What’s that technique for remaining calm? In through the mouth, out through the nose. In through the mouth, out through the nose. Let’s try.


Okay, it doesn’t work with beer. Let’s try air.

Better, but not by much.

Standing in line at the grocery store this afternoon, I noticed a row of books. It’s part of the Great Retail Bleed, the gathering of all stores into one smear of meat, furniture, electronics and periodicals. I noticed a familiar book: mine. Two copies of the Gallery of Regrettable Food, in my local grocery store. This was good news and bad. Good: this means I’m still being sold and distributed lo these many months later, but I knew that; one of the reasons the next book has been pushed back is because the last book is still selling, Which is good. Bad: now I can’t go to that grocery store for five months, maybe more. Once I see the book somewhere, I can’t stand to go back and see it unsold. I had to make an exception for Target; can’t live without Target. (They sold the entire allotment in a week, which spared me the shame of seeing it there in perpetuity, a few sad editions with grubby dustcovers to show how it had been pawed, perused, and rejected.)

Sometimes when I find the book in a store, I autograph it and add a message pertinent to the store where it was purchased. Why not? Who doesn’t like an autographed copy? So I took the books to the store manager - a lanky fellow having a mid-aisle meeting with an equally tall stockboy. I’ve been going to this place since 1994, and he’s been working there as long as I’ve been a patron, so he probably recognized me as a regular. “Hi,” I said. “I noticed you had this book up by the register, and, well, I wrote it. I wondered if you’d mind if I autographed it.”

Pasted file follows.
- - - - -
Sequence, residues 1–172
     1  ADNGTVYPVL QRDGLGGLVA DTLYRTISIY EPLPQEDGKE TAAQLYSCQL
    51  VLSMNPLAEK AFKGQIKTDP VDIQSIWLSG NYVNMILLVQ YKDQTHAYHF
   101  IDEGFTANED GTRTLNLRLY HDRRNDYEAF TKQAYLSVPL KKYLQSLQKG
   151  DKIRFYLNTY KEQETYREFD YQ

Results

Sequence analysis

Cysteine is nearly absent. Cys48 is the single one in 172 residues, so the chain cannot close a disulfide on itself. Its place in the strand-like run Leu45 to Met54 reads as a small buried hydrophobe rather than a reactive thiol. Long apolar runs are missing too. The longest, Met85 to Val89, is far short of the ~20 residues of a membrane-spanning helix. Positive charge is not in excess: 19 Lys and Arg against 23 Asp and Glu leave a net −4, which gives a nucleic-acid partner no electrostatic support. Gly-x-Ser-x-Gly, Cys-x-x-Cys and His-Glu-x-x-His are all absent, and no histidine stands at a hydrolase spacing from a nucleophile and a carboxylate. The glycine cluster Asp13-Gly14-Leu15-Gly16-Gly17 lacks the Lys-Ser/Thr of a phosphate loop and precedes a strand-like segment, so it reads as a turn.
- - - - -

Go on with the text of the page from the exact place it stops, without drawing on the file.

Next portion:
I could tell he thought I was absolutely daft. Sure you wrote it, fella. Sure you did. Now let me take the books, and I’ll give you a nice sucker. You like suckers? We all like suckers.

But he said okay. I walked away, and as I stopped to rest the book on a shelf and sign it, I heard the manager and stockboy laugh, a brief explosive bray that juuuuust might have been at my expense. So I signed each book “Bon Appetit! Don’t buy the salmon here, I was throwing up all night. Throwing up worms.” Then I smiled, waved, and put them back on the shelf.

Well, no. But it was tempting.

Let’s master our breathing again, and check the news. Troops moving out of Baghdad, according to the news right now; Kuwait wracked by a sandstorm. A preemptive strike would be . . . interesting, and it would be equally interesting to see how the world reacts. But we know the answer to that, don’t we. It would be America’s fault for not letting inspections play out! For putting all those troops in place! Which applied the pressure that made the inspections possible!
Uh - wait a minute -

No, I have the answer. We put too many troops in the theater. Too many planes. When the United States deployed a reservist from Nebraska - Sgt. Bob Harrison of Wichita, married, two kids, insurance adjuster in real life - that was when we crossed the line from “enough troops to threaten an invasion” to “enough troops to win an invasion,” and Saddam had no choice.